Tags: Sharon's | New | Party | Favors | Palestinian | Statehood

Sharon's New Party Favors Palestinian Statehood

Monday, 26 December 2005 12:00 AM

JERUSALEM -- Prime Minister Ariel Sharon's new centrist party on Monday declared Palestinian statehood as a central goal, and Israel signaled it would drop a threat to ban Jerusalem's Palestinians from voting in their parliamentary election.

The signs of a moderate line for present and future political moves were tempered, however, by an announcement of new Israeli settlement construction in the West Bank.

The latest building, disclosed in newspaper ads published Monday seeking bids from contractors, would violate Israel's commitments under the U.S.-backed "road map" peace plan.

The plans include 228 homes in the settlements of Beitar Illit and Efrat _ both near Jerusalem.

Sharon aide Raanan Gissin said plans for the latest construction began more than five years ago. He said the construction would be in settlements that Israel plans to retain after a final peace settlement with the Palestinians.

"These are the large settlement blocs; they will be strengthened," he said.

The road map calls for a freeze on all settlement construction in the West Bank, which the Palestinians claim as part of a future state. Since accepting the plan in June 2003, Israel has continued to expand settlements. The Palestinians also have not carried out their initial road map obligation to disarm militant groups.

Palestinian negotiator Saeb Erekat condemned the expansion and urged the U.S. to intervene. U.S. Embassy spokesmen in Israel were not available for comment.

The settlement plans came as Sharon's new political party, Kadima, signaled it is ready to hand over more West Bank territory to the Palestinians and work toward an independent Palestinian state after Israeli elections March 28. Opinion polls forecast a strong victory by Sharon's bloc.

On Monday, doctors disclosed that Sharon, 77, will have to undergo a procedure to close a tiny hole in his heart. The announcement that the defect led to the mild stroke he suffered Dec. 18 drew further attention in the election campaign to Sharon's health.

Sharon left the hard-line Likud Party last month to form Kadima, saying he would have more freedom to negotiate a peace deal. Many Likud members remain furious with Sharon over his withdrawal from the Gaza Strip and part of the West Bank in September.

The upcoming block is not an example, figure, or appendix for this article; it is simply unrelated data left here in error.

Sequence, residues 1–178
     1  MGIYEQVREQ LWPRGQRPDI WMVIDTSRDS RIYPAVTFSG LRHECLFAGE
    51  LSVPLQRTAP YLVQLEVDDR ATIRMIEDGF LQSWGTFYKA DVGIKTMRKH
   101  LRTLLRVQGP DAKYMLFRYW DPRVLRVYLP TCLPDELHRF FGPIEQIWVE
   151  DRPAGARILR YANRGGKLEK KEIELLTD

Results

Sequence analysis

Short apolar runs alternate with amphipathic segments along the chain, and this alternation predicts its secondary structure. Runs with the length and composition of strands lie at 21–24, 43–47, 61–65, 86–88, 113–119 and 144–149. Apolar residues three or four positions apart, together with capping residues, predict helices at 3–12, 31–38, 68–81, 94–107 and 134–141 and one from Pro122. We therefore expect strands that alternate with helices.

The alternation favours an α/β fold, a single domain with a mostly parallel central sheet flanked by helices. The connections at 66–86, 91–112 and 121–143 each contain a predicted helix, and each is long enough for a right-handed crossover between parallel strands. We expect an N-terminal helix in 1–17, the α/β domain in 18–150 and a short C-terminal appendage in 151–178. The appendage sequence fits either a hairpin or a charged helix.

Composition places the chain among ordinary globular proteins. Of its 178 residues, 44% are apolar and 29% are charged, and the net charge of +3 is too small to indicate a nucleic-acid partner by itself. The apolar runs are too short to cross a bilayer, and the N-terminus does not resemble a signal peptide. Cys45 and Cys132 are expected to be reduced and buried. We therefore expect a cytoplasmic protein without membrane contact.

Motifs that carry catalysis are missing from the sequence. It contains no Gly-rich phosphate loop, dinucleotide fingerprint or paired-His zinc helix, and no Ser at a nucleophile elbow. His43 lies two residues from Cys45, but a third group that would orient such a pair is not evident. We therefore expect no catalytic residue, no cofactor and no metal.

A draft of Kadima's election platform published Monday called for conceding more land to the Palestinians as part of peace talks culminating in a Palestinian state. The talks would be based on the road map, which endorses a Palestinian state but says its borders must be reached through negotiations.

"The basic tenet of the peace process is two national states," says the platform. Party spokesman Lior Chorev said the draft, detailed in the daily newspaper Maariv, was to be approved by next week.

The Kadima platform says Israel's existence "requires giving up part of the Land of Israel." For decades before the Gaza pullout, Sharon was the main advocate of building settlements and keeping the West Bank and Gaza.

With the Gaza withdrawal, he became the first Israeli leader to turn over territory to the Palestinians. Since leaving the Likud, the former patron of the settlement movement has made it clear that giving up more land, including parts of the biblical Land of Israel in the West Bank, is necessary to maintain a Jewish majority in Israel. More than 2 million Palestinians live in the West Bank.

Also Monday, Israeli officials said the government may drop its opposition to allowing Palestinian residents of Jerusalem to vote in next month's Palestinian elections.

Israel threatened last week to bar voting in east Jerusalem since the Islamic group Hamas is participating, a warning that infuriated the Palestinians and led to threats to cancel the election and blame Israel.

Control of Jerusalem is one of the central disputes in the Israeli-Palestinian conflict.

Separately, in Ramallah, a Palestinian court cleared the way Monday for the ruling Fatah Party to submit a single list of candidates for the parliamentary election, though registration officially closed Dec. 14. A poll published Monday showed Hamas would finish first, ahead of the two Fatah lists - the old guard and young leadership.

The two squabbling factions had already decided to reunite. Monday's decision cleared the way for them to enter a combined list.

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JERUSALEM -- Prime Minister Ariel Sharon's new centrist party on Monday declared Palestinian statehood as a central goal, and Israel signaled it would drop a threat to ban Jerusalem's Palestinians from voting in their parliamentary election. The signs of a moderate line...
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2005-00-26
Monday, 26 December 2005 12:00 AM
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